Quiet. Early-comers settled deep into silent prayer; many of them appeared to be the same ones who lingered in their places after the service to continue their devotions. Most people arriving greeted friends with a silent wave. Chattering was fortissimo outside in the courtyard, diminuendo in the narthex. For a brief while I wondered if there would be any lady at all to be seen not donning a mantilla as they entered.
What were the exact opening words of the service?
‘Asperges me.’ (Yes, it’s the kind of church where, at least on special occasions, clergy parade up and down the nave sprinkling holy water, while members of the congregation make the sign of the cross if ‘hit’.) It was very hard to make out the words when chanted by someone who’s probably not a trained singer, and is turned away from the congregation, facing the altar. The first spoken words were crystal clear: ‘In nomine Patris et Filii et Spiritus Sancti.’
What books did the congregation use during the service?
A well-thumbed blue booklet, The Order of Mass in Latin and English, a hymn sheet for the Assumption of the Blessed Virgin Mary, and the current issue of The Red Redemptorist Mass Leaflet (one side of A4 pre-printed with scripture readings, prayers, antiphons, etc., of the day, with the reverse side personalised for the parish).
What musical instruments were played?
Organ – which is heftier than the original instrument, constructed using existing and new parts between 1998 and 2004 by Matthew Copley.
Did anything distract you?
Glimpsing someone who for a moment looked as if he could be Professor Tolkien himself dropping by. Wondering if there was any significance in whether a mantilla was black or white, especially when worn by a younger adult. Noticing that one member of the altar party appeared not to be concentrating, then realising he was MC, so it was his job to be looking about him all the time, so that other people could relax and go with the flow.
Was the worship stiff-upper-lip, happy clappy, or what?
Deeply liturgical. The Latin was spoken so fluently it was sometimes hard to remember it wasn’t a modern language.
Exactly how long was the sermon?
7 mins. A model of clarity and concision.
On a scale of 1-10, how good was the preacher?
9 — the format was the exposition of doctrine, making it meaningful and relevant.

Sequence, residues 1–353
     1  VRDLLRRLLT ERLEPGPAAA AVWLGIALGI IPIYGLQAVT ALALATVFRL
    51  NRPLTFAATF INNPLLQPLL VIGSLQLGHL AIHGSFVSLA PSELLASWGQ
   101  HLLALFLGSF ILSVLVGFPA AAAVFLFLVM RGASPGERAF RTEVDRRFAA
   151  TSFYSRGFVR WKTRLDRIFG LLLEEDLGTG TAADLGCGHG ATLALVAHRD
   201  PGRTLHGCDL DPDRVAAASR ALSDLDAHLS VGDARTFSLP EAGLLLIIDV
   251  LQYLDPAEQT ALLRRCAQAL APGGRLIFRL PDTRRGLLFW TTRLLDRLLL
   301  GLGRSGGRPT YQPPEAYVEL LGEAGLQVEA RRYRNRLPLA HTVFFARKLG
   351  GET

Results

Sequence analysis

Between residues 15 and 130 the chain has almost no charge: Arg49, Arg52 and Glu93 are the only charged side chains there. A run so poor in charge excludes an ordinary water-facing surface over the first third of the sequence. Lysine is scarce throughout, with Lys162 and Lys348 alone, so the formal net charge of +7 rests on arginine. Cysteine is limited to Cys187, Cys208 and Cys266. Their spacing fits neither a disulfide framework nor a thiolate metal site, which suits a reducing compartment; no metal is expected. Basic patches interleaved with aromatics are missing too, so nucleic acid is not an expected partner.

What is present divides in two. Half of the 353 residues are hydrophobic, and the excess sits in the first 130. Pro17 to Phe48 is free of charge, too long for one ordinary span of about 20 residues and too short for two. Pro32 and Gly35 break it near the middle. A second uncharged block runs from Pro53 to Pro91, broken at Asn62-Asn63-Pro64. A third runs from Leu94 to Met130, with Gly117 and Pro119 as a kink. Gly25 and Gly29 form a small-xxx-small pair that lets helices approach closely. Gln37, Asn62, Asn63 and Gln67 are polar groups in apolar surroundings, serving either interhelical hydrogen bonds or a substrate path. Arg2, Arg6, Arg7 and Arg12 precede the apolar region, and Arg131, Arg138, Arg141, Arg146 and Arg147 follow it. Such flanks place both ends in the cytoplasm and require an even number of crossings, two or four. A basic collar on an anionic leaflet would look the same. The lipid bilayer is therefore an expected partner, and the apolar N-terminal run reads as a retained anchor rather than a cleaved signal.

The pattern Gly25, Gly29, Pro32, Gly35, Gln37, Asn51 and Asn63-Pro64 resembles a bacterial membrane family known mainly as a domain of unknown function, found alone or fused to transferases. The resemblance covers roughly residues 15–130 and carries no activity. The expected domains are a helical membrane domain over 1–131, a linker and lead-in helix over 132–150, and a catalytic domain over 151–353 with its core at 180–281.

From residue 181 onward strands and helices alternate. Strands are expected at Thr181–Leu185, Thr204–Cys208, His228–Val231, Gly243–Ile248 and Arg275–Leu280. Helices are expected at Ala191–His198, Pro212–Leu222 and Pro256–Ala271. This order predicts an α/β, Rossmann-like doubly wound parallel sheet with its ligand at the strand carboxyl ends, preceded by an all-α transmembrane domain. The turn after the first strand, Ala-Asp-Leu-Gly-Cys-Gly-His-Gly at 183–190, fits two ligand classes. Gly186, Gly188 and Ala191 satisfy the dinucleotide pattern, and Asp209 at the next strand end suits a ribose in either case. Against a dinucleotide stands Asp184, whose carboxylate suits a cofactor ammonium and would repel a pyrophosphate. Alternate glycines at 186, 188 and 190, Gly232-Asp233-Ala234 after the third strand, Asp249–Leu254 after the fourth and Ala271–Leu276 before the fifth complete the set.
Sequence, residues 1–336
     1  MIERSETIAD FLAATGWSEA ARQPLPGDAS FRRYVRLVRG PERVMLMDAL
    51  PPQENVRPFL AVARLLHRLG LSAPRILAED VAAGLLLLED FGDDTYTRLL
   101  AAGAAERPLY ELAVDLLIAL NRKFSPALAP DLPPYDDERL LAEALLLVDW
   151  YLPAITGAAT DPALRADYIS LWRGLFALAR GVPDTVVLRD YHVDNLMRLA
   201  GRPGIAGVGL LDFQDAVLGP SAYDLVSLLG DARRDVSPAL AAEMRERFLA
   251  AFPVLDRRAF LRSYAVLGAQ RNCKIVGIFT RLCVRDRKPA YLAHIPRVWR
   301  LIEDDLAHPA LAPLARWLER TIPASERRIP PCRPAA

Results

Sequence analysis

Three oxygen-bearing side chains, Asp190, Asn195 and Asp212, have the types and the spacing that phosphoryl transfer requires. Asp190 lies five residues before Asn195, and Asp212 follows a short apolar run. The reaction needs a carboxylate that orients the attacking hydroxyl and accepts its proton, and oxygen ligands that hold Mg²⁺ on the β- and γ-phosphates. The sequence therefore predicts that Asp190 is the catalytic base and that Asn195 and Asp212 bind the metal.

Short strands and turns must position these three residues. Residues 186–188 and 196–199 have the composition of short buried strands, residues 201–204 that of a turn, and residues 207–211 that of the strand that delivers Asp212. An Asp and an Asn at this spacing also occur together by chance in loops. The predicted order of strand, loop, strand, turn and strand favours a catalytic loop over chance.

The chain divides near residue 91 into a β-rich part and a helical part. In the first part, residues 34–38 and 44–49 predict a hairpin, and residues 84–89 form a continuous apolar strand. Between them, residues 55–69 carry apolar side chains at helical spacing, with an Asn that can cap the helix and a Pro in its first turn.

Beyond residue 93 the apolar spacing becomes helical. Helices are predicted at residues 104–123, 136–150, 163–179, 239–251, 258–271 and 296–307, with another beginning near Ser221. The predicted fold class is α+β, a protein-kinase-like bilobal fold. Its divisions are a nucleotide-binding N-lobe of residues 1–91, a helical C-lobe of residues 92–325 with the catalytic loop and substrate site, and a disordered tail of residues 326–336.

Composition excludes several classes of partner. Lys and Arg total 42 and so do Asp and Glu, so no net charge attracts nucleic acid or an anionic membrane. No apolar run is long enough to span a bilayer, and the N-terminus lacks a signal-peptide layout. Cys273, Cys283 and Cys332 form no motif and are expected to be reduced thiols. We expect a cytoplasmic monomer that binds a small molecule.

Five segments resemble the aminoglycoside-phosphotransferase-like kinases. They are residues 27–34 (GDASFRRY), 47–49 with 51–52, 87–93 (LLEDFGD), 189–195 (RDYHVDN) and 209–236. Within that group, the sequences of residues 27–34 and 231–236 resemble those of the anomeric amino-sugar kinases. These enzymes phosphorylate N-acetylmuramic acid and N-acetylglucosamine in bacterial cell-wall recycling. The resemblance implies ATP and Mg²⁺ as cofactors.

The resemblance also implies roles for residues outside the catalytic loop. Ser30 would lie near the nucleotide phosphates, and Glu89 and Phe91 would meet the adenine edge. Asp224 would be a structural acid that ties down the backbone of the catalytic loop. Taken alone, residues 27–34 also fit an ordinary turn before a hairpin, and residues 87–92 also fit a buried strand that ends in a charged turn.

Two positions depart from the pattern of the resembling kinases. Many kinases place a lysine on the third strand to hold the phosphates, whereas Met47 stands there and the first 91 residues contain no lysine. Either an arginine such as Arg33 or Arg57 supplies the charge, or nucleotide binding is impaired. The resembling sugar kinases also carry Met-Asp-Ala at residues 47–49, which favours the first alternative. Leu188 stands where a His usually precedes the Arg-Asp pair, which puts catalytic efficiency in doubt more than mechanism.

In a nutshell, what was the sermon about?
The topic set for the day by the church calendar was death. Specifically, the death of Mary the Mother of the Lord, and why it matters that Christians believe in bodily resurrection. If God’s purpose is about the whole of us – body as well as the ‘spiritual’ bits – then what we do with or to our bodies, or to other people’s bodies, counts.
Which part of the service was like being in heaven?
Suddenly realising that, in some dimension, the professor was indeed there, and all my fellow-Christians.
And which part was like being in... er... the other place?
The heat! Literally, it being one of the hottest and stillest days of the year. Several members of the congregation, young and old, were mopping brows, using service sheets as fans, leaving early.
What happened when you hung around after the service looking lost?
Not a great deal. People were friendly enough, exchanging a few lines of conversation, but not inclined to linger.
How would you describe the after-service coffee?
Café Neri, which serves post-Mass coffee, was taking a summer break.
How would you feel about making another visit (where 10 = ecstatic, 0 = terminal)?
9 — This is an excellent place to go to for special occasions, e.g. days of the church calendar which my own church wouldn’t do anything about in a hundred years.
Did the service make you feel glad to be a Christian?
Yes, despite the fact that there were whole tracts of the service which I couldn’t follow at all. It was an invitation to yield in prayer to the God whom after all I cannot begin to comprehend.
What one thing will you remember about all this in seven days' time ?
A member of the congregation slowly and deliberately taking the long route back to their seat after making their communion. Every painful step through the house of God, a prayer?